A Python library for gridded permutations and tilings.

## Project description

`tilings` is a Python library for working with gridded permutation and
tilings.

## Installing

To install `tilings` on your system, run:

pip install tilings

It is also possible to install `tilings` in development mode to work
on the source code, in which case you run the following after cloning
the repository:

./setup.py develop

To run the unit tests:

```
./setup.py test
```

## What are gridded permutations and tilings?

We will be brief in our definitions here, for more details see Christian Bean’s PhD thesis.

A `gridded permutation` is a pair `(π, P)` where `π` is a
permutation and `P` is a tuple of cells, called the positions, that
denote the cells in which the points of `π` are drawn on a grid. Let
`G` denote the set of all gridded permutations. Containment of gridded
permutations is defined the same as containment of permutations, except
including the preservation of the cells.

A `tiling` is a triple `T = ((n, m), O, R)`, where `n` and `m`
are positive integers, `O` is a set of gridded permutations called
`obstructions`, and `R` is a set of sets of gridded permutations
called `requirements`.

We say a gridded permutations avoids a set of gridded permutations if it
avoids all of the permutations in the set, otherwise it contains the
set. To contain a set, therefore, means contains at least one in the
set. The set of gridded permutations on a tiling `Grid(T)` is the set
of all gridded permutations in the `n x m` grid that avoids `O` and
contains each set `r` in `R`.

## Using tilings

Once you’ve installed `tilings`, it can be imported by a Python script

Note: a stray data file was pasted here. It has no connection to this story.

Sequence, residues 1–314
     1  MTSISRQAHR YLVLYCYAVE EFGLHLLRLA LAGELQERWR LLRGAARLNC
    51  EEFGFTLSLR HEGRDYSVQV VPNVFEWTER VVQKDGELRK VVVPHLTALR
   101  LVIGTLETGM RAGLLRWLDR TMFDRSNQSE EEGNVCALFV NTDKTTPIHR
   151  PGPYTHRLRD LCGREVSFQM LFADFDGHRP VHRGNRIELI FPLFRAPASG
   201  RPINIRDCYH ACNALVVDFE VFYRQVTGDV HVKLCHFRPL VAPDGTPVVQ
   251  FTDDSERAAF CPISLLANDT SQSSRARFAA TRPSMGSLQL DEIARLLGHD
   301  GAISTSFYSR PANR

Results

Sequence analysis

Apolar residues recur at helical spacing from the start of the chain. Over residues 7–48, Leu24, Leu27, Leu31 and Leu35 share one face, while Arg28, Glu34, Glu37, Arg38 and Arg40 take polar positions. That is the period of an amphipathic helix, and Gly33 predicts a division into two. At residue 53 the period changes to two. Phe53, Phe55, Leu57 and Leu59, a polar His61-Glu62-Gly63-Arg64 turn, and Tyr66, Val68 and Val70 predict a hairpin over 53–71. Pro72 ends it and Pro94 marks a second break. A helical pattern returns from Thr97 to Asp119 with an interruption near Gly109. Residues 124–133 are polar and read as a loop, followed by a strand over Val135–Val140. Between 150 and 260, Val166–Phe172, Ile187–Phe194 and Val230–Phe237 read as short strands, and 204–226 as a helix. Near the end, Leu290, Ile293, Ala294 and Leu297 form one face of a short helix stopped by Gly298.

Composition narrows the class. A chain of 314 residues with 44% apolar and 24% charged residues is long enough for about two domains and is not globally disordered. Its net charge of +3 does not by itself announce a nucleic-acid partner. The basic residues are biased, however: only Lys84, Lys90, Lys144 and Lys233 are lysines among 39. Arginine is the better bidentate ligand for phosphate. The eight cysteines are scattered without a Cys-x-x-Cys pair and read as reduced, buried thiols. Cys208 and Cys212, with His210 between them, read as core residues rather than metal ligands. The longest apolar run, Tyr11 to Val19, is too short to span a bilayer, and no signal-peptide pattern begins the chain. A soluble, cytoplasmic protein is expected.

or an interactive Python session, just like any other Python library:

>>> from tilings import *

Importing `*` from it supplies you with the ‘GriddedPerm’,
‘Obstruction’, ‘Requirement’, and ‘Tiling’ classes.

As above, a gridded permutation is a pair `(π, P)` where `π` is a
permutation and `P` is a tuple of cells. The permutation is assumed to
be a `Perm` from the `permuta` Python library. Not every tuple of
cells is a valid position for a given permutation. This can be checked
using the `contradictory` method.

>>> from permuta import Perm >>> gp = GriddedPerm(Perm((0, 2, 1)), ((0, 0), (0, 0), (1, 0))) >>> gp.contradictory() False >>> gp = GriddedPerm(Perm((0, 1, 2)), ((0, 0), (0, 1), (0, 0))) >>> gp.contradictory() True

A `Tiling` is created with an iterable of `Obstruction` and an
iterable of `Requirement` lists. It is assumed that all cells not
mentioned in some obstruction or requirement is empty. You can print the
tiling to get an overview of the tiling created. In this example, we
have a tiling that corresponds to non-empty permutation avoiding
`123`.

>>> obstructions = [Obstruction.single_cell(Perm((0, 1)), (1, 1)), ... Obstruction.single_cell(Perm((1, 0)), (1, 1)), ... Obstruction.single_cell(Perm((0, 1)), (0, 0)), ... Obstruction.single_cell(Perm((0, 1, 2)), (2, 0)), ... Obstruction(Perm((0, 1, 2)), ((0, 0), (2, 0), (2, 0)))] >>> requirements = [[Requirement.single_cell(Perm((0,)), (1, 1))]] >>> til = Tiling(obstructions, requirements) >>> print(til) +-+-+-+ | |●| | +-+-+-+ |\| |1| +-+-+-+ 1: Av(012) \: Av(01) ●: point Crossing obstructions: 012: (0, 0), (2, 0), (2, 0) Requirement 0: 0: (1, 1) >>> til.dimensions (3, 2) >>> sorted(til.active_cells) [(0, 0), (1, 1), (2, 0)] >>> til.point_cells frozenset({(1, 1)}) >>> sorted(til.possibly_empty) [(0, 0), (2, 0)] >>> til.positive_cells frozenset({(1, 1)})

There are a number of methods available on the tiling. You can generate
the gridded permutations satisfying the obtructions and requirements
using the `gridded_perms_of_length` method.

>>> for i in range(4): ... for gp in til.gridded_perms_of_length(i): ... print(gp) 0: (1, 1) 10: (1, 1), (2, 0) 01: (0, 0), (1, 1) 210: (1, 1), (2, 0), (2, 0) 201: (1, 1), (2, 0), (2, 0) 120: (0, 0), (1, 1), (2, 0) 021: (0, 0), (1, 1), (2, 0) 102: (0, 0), (0, 0), (1, 1)

There are numerous other methods and properties. Many of these specific
to the `tilescope` algorithm, discussed in Christian Bean’s PhD
thesis.

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